Analysis: Will Facebook's investment in Gojek open up untapped wallets for WhatsApp pay?


Gojek Indonesia has brought onboard Facebook and PayPal to join the likes of Google and Tencent to its roster of investors in its most recent fund raising exercise. This new investment aims to support Gojek’s mission to boost Southeast Asia’s digital economy, with a focus on growing payments and financial services in the region.

According to Facebook, Gojek's vision comes in line with its commitment to serving small businesses and bringing them into the digital economy. The investment will also look to support Facebook and Gojek’s shared goal of empowering businesses and driving financial inclusion across the archipelago. In a blog post, Matt Idema, WhatsApp COO said the messaging platform currently helps small businesses communicate with customers and make sales. Together with Gojek, it can rope in more consumers and merchants.

According to Idema, the company also aims for future collaborations in Indonesia to support the country’s digital economy.  Meanwhile, Gojek’s payments business, GoPay, has long been focused on increasing access to the digital economy among micro, small and medium enterprises (MSMEs), the majority of which continue to rely on cash to operate, due to the region’s large unbanked population. The latest influx of funding aims to support more of these businesses as they seek to digitise further, from micro-merchants selling wares on the street side, up to large businesses looking to strengthen their digital payment infrastructure.

Since launching its app in 2015, Gojek has helped bring many merchants onto its platform, giving them access to more than 170 million people across Southeast Asia. Earlier in March 2020, Gojek reportedly raised US$1.2 billion in funding for expansion in its fight towards becoming the super app of the region, and budding heads with rival Grab. 

“With this investment, Facebook can expand its digital payment and financial services to Indonesia and more broadly to the Southeast Asian market,” Forrester analyst Meng Liu said in a statement to Marketing, adding the payment sector is still under serviced and the opportunity in Southeast Asia’s emerging markets such as Indonesia is worth billions of dollars.

Meanwhile, Gojek will now be able to embed Facebook’s digital wallet offering (such as WhatsApp Pay) on its platform of lifestyle services across shopping, transport and more. This attracts consumers who are underserved by traditional banks and card networks, as it entices them to digital payments offered by Facebook in the future. “In the long run, if Facebook’s Libra plan is successful, there would also be a natural roll out of this inclusive cross-border payment offering to immigrant workers in the Southeast Asian markets as well, Liu explained. Liu added:

The deal is the first step to building the infrastructure to expand Facebook’s payment and fintech businesses in the region.

In addition, he was of the view some find that Alipay and WeChat Pay would be negatively affected by this Facebook-Gojek deal. He was however, quick to put that thought to rest as Alipay and WeChat Pay are mostly servicing Chinese tourists in the Southeast Asian markets, rather than servicing local consumers directly.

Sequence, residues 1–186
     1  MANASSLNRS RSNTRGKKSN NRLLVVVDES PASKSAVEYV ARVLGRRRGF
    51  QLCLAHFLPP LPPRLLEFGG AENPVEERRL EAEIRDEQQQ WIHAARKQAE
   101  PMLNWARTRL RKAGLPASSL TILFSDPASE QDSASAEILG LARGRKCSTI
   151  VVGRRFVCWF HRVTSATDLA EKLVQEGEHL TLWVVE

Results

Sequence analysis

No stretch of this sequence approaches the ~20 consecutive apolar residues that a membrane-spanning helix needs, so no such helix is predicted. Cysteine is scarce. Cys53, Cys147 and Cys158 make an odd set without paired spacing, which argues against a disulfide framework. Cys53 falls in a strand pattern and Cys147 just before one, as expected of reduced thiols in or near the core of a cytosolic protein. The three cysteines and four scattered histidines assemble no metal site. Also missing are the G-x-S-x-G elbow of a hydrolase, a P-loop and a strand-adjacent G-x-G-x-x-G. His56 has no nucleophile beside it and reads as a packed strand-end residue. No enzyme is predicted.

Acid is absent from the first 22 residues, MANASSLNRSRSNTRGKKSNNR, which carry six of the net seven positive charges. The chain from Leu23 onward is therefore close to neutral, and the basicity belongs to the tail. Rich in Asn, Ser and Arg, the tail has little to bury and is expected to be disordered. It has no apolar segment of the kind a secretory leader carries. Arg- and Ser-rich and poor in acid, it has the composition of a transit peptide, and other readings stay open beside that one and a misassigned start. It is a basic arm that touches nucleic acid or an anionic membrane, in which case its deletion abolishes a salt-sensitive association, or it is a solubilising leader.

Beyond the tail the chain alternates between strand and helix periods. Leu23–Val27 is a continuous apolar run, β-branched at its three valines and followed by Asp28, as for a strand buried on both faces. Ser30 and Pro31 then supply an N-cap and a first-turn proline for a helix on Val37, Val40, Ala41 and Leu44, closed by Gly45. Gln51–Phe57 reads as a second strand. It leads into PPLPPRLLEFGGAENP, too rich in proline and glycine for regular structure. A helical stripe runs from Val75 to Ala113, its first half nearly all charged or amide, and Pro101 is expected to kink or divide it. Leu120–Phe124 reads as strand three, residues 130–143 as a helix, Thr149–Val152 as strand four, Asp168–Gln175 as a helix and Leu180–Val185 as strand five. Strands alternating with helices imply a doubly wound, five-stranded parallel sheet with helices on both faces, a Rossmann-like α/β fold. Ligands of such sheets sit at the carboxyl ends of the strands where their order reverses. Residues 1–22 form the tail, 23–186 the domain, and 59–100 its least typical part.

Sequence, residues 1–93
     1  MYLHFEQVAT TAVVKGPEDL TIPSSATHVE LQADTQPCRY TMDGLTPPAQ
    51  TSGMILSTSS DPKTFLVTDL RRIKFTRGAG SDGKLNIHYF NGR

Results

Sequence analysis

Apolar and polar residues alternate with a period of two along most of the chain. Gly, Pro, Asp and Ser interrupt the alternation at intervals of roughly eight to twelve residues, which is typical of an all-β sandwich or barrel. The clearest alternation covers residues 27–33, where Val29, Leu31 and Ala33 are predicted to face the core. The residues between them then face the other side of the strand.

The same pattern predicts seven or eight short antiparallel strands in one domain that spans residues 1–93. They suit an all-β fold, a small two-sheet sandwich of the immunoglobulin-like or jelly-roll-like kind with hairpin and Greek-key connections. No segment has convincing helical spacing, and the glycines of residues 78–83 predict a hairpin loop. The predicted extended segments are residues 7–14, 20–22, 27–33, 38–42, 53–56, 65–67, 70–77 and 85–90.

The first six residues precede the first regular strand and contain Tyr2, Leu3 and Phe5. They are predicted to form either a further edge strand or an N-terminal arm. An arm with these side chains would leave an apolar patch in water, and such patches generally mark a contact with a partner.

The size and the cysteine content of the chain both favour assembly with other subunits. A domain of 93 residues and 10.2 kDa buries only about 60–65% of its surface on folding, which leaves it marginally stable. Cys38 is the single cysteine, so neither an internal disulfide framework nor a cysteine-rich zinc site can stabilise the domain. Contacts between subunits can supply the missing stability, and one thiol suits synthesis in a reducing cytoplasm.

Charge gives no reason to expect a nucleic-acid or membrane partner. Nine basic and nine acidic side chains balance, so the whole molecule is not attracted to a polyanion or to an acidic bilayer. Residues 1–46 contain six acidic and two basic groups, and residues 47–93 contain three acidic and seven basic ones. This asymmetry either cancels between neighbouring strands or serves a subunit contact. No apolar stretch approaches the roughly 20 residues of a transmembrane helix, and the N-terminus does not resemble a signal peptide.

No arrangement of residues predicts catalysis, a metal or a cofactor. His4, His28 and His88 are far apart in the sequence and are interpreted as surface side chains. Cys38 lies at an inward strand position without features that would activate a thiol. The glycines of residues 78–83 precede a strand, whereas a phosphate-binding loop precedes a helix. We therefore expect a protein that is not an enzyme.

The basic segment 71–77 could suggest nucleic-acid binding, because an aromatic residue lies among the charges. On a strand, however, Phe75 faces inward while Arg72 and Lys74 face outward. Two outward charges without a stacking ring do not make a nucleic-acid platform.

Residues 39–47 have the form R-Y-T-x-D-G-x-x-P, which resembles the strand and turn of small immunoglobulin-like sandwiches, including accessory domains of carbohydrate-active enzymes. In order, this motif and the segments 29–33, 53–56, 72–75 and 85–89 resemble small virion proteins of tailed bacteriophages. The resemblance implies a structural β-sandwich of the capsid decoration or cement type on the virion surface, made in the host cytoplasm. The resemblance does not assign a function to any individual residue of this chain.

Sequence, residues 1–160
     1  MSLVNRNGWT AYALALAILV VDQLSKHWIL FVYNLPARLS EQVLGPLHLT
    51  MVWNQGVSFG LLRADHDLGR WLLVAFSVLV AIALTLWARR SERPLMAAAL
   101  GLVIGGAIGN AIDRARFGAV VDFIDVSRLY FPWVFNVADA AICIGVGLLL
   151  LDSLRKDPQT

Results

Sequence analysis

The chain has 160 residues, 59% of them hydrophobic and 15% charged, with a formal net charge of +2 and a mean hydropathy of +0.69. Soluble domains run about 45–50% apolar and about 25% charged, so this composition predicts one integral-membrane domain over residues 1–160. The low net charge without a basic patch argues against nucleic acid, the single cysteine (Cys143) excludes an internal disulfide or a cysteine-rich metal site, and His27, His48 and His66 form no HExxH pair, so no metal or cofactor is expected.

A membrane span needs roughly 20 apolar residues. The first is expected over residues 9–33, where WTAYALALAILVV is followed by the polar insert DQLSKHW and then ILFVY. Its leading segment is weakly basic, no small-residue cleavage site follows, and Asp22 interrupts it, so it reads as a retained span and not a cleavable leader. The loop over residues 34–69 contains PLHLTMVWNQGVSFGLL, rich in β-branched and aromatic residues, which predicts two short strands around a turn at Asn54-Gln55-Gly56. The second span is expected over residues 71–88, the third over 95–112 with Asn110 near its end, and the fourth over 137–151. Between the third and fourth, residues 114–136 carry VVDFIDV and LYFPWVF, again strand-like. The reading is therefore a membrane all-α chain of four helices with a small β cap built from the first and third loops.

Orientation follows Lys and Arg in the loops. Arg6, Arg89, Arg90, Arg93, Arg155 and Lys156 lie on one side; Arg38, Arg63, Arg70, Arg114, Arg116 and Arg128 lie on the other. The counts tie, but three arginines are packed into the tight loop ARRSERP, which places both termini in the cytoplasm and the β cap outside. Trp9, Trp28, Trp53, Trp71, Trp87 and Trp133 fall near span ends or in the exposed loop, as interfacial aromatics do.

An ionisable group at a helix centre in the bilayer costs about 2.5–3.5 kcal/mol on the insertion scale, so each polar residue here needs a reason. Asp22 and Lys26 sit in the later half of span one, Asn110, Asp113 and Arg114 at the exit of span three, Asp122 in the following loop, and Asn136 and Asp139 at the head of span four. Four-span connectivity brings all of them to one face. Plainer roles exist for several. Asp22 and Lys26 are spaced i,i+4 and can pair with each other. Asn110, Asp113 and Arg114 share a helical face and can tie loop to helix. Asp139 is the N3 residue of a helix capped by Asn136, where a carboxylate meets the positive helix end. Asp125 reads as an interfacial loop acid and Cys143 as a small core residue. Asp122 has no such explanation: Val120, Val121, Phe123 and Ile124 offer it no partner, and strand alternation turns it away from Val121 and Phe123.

“Therefore it won’t impact their businesses significantly. However, this deal will definitely impact the businesses of GCash, a local digital wallet backed by Ant Financial, given the competitiveness of Facebook’s payment services,” he said. According to Liu, the expansion of Facebook’s digital financial services to Southeast Asia will not happen rapidly but will be a gradual process instead.

“The local regulators’ attitudes toward Facebook is critical, especially in terms of its usage of local consumers’ data and data privacy protection. Facebook also faces potential competition from Chinese tech giants such as Alibaba, Tencent and ByteDance, who may also increase their investments in Gojek as well or even try to acquire them,” he explained.

Meanwhile, Katie McClintock CEO, Insights Division, Kantar Singapore was of the view the Facebook-Gojek investment is a "clear move in to accelerate social commerce".

"Bringing together the social strengths of Facebook (especially Instagram, WhatsApp) combined with the commercial capabilities of Gojek to provide last mile delivery and payment apps. Social commerce is a large and rapidly growing area across SEA and investment will support its scale up," she explained.  McClintock also highlighted that the synergies are also evident, saying:

For Facebook, it's a good opportunity to commercialise its platforms, particularly the opportunity to move WhatsApp into the payment space. 

With this investment boosting Gojek's standing in the sector, she added Grab would need to look at upping its social commerce game and whilst adoption of its platform is strong, and the payment system works well, it lacks the social networking link.

"Amazon has also being showing rapid growth in the region, however this move by Gojek further strengthens the home growth offer across the region," she said, adding:

It is a great move for Gojek. It helps them integrate their value chain and bring focus to their offer. A key watch out will be around privacy and security as these platforms continue to evolve.

Recently, the Facebook-Jio deal was in the news internationally as the social media giant will reportedly invest US$5.7 billion for a 9.99% stake in Jio Platforms, the digital technology arm of Indian billionaire Mukesh Ambani's conglomerate Reliance Industries. According to CNN, the partnership includes a commercial with WhatsApp that paves the way for Facebook to make money from the messaging service's 400 million users in India.